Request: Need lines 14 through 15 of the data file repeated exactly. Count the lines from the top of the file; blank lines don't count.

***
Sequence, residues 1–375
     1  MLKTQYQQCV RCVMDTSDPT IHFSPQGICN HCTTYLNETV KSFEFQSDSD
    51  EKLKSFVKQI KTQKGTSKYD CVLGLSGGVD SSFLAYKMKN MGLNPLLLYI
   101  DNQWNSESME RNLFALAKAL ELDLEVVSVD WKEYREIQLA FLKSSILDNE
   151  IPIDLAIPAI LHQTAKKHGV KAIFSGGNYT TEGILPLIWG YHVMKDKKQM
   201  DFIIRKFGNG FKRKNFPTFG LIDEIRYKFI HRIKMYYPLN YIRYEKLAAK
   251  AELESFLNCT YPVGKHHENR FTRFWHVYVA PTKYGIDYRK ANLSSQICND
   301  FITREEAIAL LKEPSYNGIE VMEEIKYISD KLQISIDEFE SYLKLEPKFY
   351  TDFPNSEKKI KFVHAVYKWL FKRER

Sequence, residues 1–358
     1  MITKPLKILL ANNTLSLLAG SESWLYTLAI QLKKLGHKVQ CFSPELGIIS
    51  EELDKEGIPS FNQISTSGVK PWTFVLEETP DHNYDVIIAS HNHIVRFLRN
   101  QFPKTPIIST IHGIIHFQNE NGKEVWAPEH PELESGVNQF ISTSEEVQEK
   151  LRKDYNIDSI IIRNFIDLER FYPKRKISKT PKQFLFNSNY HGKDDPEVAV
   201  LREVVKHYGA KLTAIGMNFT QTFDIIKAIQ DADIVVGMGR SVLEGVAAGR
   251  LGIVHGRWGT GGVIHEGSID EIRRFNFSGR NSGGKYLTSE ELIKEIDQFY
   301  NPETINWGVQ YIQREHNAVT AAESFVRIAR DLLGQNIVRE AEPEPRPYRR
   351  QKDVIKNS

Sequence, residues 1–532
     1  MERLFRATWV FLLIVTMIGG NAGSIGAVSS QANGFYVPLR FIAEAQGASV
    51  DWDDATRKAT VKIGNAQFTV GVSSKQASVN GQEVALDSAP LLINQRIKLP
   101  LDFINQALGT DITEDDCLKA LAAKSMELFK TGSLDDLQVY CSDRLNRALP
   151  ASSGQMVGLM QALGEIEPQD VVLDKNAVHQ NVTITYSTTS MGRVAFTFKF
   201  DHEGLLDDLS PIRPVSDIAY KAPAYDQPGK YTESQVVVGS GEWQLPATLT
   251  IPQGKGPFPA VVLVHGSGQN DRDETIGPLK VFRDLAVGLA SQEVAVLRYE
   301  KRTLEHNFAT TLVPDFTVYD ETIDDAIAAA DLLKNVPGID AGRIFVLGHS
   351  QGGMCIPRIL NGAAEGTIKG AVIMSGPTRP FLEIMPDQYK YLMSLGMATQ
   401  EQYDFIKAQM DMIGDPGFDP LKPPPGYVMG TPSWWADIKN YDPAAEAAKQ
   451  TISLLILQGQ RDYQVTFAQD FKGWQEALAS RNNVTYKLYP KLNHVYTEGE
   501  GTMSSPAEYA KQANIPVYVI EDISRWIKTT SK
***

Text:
   151  LRKDYNIDSI IIRNFIDLER FYPKRKISKT PKQFLFNSNY HGKDDPEVAV
   201  LREVVKHYGA KLTAIGMNFT QTFDIIKAIQ DADIVVGMGR SVLEGVAAGR